Business Analysis: Get It Right The First Time

By Jed Grant

A foundational part of what I do revolves around understanding both the customer and the intended users. In today’s market “web designers” are a dime a dozen. Many of them touting their ability to quickly turn around a complete web site. To utilize a cliche, I think it’s a bit more valuable to work smart, both for myself and the customer and get it right the first time instead of creating a solution that doesn’t meet business objectives or consider the user experience. It is my opinion that spending some time understanding a project is essential. How much depends on the client, their budget, and the magnitude of the endeavor.

Currently I am working on a project that involves four large departments. Each has their own objectives, but they have all come together with the common goal of getting work done. It has been my opportunity to work with all four groups and gather requirements and then present potential solutions that are agreeable to all parties. Being placed in situations like this has provided many opportunities to look at my work from a strategic perspective and offer advice to customers from a farther reaching perspective. It’s also helped me to better understand how business analysis can strengthen the foundation and relationships in any project.

Client Education

Often times people know they need a web site, what they don’t know is exactly what a web site can and should do for them. It’s not my job to make those decisions for them, however, it is my responsibility to ask questions that will help them consider what they really want their site to provide. Of primary concern is what the customer wants the users of their site to do and then designing the simplest interaction for the user to accomplish that objective. Once this interaction is wireframed I present it to the client and provide my reasoning to insure that they understand the value of what they are getting. I’ll be presenting more on wireframes and how they bring value to a project in my next article.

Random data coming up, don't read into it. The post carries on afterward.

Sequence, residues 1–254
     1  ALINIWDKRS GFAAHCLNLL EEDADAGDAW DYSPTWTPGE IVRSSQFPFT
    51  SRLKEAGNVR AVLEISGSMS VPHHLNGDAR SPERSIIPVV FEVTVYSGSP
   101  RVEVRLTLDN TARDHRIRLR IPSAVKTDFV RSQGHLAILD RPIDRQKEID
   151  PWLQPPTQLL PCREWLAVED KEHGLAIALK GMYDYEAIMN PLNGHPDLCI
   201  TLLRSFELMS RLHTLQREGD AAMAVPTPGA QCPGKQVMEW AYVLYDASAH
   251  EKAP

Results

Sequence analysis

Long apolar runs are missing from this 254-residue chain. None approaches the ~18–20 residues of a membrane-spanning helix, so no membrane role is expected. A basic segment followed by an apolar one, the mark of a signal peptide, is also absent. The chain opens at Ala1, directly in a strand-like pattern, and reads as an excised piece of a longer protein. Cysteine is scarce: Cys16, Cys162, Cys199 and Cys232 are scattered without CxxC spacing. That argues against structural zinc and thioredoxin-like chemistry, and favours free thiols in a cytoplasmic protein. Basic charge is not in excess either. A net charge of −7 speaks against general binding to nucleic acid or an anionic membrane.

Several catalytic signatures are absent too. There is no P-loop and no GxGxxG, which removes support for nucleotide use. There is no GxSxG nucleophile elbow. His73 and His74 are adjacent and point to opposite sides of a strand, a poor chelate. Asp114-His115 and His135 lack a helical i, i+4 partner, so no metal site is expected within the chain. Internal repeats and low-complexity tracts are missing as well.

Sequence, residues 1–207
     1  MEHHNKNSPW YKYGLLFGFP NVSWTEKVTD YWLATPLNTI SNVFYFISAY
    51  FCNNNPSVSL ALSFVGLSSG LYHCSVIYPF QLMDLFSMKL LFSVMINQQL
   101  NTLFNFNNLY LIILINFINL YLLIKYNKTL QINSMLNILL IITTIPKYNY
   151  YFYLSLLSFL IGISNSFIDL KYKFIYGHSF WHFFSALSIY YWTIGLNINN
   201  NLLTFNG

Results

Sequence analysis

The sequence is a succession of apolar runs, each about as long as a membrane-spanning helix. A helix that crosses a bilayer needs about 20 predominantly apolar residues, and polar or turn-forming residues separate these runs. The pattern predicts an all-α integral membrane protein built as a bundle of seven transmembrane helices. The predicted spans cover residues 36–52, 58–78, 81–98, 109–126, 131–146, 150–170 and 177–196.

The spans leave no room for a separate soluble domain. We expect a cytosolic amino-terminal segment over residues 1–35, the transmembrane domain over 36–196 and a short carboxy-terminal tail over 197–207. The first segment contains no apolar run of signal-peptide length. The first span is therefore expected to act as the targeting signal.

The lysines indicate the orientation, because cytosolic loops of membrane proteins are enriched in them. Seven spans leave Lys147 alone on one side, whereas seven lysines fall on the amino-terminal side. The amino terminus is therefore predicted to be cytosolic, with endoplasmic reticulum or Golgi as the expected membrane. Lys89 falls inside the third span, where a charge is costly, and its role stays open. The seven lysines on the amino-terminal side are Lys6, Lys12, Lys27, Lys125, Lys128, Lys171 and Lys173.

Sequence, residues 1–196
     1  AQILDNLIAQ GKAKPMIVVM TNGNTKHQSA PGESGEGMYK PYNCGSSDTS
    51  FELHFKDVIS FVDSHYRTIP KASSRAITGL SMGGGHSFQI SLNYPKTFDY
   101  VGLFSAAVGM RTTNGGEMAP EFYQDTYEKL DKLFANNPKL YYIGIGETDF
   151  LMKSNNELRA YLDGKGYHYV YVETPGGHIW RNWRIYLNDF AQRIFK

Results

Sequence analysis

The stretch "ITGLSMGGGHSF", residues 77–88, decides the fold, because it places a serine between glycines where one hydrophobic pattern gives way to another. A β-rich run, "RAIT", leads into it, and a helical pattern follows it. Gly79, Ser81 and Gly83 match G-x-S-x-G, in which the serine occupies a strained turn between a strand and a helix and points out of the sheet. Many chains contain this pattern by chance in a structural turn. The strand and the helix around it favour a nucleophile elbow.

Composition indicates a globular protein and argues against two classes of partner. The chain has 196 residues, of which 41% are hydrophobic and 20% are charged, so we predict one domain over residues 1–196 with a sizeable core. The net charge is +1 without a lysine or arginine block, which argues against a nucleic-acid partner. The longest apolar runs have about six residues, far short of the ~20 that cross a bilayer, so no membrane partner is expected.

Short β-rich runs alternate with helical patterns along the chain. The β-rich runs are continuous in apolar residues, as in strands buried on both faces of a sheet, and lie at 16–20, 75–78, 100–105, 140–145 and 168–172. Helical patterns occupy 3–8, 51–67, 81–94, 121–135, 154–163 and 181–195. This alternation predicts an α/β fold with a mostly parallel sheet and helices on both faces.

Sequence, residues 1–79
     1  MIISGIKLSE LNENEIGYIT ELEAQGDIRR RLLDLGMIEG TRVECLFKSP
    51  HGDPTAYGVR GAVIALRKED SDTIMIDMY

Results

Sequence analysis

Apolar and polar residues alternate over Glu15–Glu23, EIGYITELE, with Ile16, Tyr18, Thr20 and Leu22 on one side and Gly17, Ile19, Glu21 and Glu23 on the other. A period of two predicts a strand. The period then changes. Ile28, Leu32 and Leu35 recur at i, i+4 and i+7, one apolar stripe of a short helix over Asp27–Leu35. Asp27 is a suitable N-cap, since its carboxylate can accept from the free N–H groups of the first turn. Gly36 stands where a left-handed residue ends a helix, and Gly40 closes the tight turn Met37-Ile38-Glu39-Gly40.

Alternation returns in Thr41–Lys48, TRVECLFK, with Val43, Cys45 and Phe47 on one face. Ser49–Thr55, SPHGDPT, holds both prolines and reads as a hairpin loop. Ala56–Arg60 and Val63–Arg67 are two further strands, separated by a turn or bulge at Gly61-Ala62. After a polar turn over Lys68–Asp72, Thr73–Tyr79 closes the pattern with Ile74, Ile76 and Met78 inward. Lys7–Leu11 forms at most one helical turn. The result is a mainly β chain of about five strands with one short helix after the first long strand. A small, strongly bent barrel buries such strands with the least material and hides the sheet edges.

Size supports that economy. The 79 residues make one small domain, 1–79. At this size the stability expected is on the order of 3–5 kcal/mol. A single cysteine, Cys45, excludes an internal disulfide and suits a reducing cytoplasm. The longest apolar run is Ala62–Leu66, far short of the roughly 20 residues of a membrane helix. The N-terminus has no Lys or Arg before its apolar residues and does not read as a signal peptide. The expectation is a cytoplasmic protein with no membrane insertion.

Requirements Gathering and Documentation

Part of understanding a business is getting to the core concerns and objectives, not just surface level details. For example, a business objective may be to attract more visitors, however, the core requirement may be something like increasing sales my 10% with a new marketing campaign. Understanding the core objectives allows me to obtain focus and potentially bring ideas to the table that the customer hasn’t consider, this is after all my area of expertise. One of the most essential steps at this point is to document the requirements. Depending on the customer this document may contain only core requirements and the rest is left to the designer. Other times customers feel the need to make decisions all the way down to the color of buttons. That’s up to the customer, although you are paying to gain from my experience so I will still speak up and offer what I believe would be the best solution even if it isn’t something that has been mentioned.

Project Management & Scope

Once requirements have been understood and document it’s essential to step back and determine what can be done with the available budget and time line. At this point in the process I find that associating priorities with requirements helps the customer and designer come to an understanding of what needs to be accomplished and what will bring value faster if it is an extended project. This then becomes the project plan, allowing milestones to be established and expectations set. While these things still must remain flexible to adapt to the changing needs of any business that do provide a reasonable approximation for what needs to be done and when it will be completed before design and development begin. It has direct impact on how efficiently work can be accomplished because time is not being wasted trying to determine what to do next.

Get a Trackback link

No Comments Yet

Be the first to comment.

Sorry, comments for this entry are closed at this time.